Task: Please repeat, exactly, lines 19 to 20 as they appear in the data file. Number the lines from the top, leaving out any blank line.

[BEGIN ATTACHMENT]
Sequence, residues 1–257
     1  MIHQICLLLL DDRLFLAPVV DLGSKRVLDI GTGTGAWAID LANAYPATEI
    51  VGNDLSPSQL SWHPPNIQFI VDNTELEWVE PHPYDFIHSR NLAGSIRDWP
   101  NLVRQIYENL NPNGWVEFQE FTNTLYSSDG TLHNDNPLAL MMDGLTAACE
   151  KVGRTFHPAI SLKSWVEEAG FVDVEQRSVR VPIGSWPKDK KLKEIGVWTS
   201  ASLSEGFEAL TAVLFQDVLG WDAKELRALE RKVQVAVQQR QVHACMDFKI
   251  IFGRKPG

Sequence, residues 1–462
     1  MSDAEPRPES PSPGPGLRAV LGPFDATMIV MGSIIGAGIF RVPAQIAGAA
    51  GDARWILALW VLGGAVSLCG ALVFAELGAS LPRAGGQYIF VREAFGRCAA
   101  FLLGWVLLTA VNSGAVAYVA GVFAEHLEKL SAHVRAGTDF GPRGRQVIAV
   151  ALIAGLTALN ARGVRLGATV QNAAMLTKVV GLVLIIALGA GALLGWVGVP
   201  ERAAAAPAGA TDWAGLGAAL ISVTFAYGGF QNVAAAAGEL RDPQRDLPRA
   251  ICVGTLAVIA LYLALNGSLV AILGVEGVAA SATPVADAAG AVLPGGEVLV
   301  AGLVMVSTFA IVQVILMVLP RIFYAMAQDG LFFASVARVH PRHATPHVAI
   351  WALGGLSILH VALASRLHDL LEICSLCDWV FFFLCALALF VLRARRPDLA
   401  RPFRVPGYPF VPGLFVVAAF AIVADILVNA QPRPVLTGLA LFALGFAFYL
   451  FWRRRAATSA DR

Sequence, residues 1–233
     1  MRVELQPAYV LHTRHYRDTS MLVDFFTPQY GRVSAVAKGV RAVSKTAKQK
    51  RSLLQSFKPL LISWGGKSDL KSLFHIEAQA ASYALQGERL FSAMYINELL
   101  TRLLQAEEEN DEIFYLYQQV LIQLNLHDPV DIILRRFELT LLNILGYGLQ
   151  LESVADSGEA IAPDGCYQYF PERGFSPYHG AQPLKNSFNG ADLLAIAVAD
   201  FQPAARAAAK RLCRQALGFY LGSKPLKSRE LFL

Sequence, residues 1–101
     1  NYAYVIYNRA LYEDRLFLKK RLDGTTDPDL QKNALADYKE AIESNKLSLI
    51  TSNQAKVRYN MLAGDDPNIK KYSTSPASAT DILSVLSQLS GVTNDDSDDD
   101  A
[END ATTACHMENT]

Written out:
Sequence, residues 1–233
     1  MRVELQPAYV LHTRHYRDTS MLVDFFTPQY GRVSAVAKGV RAVSKTAKQK